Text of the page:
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Bewkes Says Time Inc. Not for Sale

Jeff Bewkes, Time Warner Inc.’s chief executive officer, put to rest rampant rumors the media conglomerate is looking to get out of the magazine business.

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NOT FOR SALE: Jeff Bewkes, Time Warner Inc.’s chief executive officer, on Friday put to rest rampant rumors the media conglomerate is looking to get out of the magazine business. “Time Inc. is not for sale,” Bewkes told The Atlantic’s Jeffrey Goldberg during a two-day forum dubbed “First Draft of History,” where high-profile journalists interviewed policymakers and industry titans in Washington, D.C. The event was sponsored by The Atlantic, The Aspen Institute and the Newseum. “People make these rumors because they want a lot of activity,” added Bewkes.

Time Warner’s shares rose on Monday following speculation the company might eventually sell Time Inc. The company’s largest shareholder, Gordon Crawford of The Capital Group, sparked the widespread speculation about Time Warner’s intentions last weekend when he said the company could sell off Time Inc. and turn its focus to movies and television.

Bewkes also dispelled any notion Time Warner might be interested in purchasing NBC Universal, amid reports Comcast is making a bid for NBC. He said Time Warner is “on a very solid course.” While acknowledging magazines are “having a bit of an advertising recession,” Bewkes still sees plenty of room for growth.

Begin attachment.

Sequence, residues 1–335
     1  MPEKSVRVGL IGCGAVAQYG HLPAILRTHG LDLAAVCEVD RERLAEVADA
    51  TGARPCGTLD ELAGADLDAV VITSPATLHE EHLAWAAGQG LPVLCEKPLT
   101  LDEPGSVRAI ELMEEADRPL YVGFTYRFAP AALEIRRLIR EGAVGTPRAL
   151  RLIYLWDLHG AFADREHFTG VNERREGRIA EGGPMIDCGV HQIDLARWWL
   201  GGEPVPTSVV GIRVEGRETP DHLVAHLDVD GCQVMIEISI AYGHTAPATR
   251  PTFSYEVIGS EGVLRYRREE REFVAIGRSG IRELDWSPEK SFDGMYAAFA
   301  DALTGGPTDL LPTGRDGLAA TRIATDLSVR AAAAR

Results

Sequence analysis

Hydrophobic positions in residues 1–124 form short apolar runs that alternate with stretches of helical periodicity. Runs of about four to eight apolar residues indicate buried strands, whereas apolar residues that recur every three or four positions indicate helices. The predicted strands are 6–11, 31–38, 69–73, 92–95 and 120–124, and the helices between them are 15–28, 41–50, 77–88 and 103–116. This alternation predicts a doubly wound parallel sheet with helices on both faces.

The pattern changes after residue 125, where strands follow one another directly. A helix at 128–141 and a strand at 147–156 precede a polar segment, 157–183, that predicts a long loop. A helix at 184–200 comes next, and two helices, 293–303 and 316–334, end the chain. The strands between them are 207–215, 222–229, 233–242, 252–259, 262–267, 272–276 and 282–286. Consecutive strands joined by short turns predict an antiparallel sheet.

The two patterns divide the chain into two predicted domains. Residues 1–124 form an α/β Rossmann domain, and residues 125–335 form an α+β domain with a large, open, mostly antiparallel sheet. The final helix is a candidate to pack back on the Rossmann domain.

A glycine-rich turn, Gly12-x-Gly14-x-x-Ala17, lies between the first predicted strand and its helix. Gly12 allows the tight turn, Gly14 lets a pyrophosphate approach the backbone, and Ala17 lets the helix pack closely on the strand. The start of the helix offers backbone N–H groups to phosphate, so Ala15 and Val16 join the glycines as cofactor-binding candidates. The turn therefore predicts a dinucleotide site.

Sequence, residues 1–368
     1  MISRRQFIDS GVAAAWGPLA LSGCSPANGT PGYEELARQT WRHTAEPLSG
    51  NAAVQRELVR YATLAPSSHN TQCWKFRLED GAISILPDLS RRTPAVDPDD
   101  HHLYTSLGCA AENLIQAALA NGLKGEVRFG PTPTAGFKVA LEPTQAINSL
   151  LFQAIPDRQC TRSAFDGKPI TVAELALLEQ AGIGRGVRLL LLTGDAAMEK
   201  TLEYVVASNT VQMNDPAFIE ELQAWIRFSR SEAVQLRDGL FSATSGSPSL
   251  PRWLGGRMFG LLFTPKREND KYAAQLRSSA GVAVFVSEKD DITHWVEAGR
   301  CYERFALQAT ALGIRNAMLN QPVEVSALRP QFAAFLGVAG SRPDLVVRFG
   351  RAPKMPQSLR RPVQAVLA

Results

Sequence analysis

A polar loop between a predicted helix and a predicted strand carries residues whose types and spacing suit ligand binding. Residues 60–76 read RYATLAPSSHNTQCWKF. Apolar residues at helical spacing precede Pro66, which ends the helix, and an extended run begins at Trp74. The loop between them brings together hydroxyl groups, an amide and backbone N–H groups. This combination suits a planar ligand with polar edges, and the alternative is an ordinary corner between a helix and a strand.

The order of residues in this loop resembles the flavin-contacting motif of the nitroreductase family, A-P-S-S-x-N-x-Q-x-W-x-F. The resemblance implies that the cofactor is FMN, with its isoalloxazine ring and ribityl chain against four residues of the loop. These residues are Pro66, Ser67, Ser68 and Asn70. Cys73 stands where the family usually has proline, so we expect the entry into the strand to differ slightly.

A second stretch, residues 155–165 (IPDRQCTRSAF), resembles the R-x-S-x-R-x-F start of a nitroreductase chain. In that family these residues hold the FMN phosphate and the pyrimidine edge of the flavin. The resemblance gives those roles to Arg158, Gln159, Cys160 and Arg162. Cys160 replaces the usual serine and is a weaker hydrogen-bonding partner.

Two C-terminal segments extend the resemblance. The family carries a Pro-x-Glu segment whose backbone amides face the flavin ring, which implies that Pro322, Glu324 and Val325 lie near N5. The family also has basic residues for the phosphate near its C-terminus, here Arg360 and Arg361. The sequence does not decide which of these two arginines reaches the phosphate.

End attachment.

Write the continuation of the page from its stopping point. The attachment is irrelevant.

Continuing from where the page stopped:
“The thing that is certainly true of all magazines is the readership is solid; the readership is holding up,” said Bewkes. “I think the magazine business has plenty of expansion in it. You do have to think carefully about how celebrity magazines like People, and news magazines like Time and [sports publications] like Sports Illustrated are going to evolve as they move and add not just print versions but Internet-based versions.”

Also speaking at the event, Google chairman and ceo Eric Schmidt said openness and lack of anonymity will be important pieces of how technology and politics interact. While the nature of politics hasn’t changed, the Internet age makes it difficult to tell the “true voter from the imposter,” he said, just as it is harder to tell which photos have been doctored and which are real.

“A focused minority can pollute the majority with disinformation that looks like what the majority thinks,” he said.

As technology makes access to information ubiquitous, it will be ever more important that users, particularly students, are equipped to sort through the information, Schmidt said.

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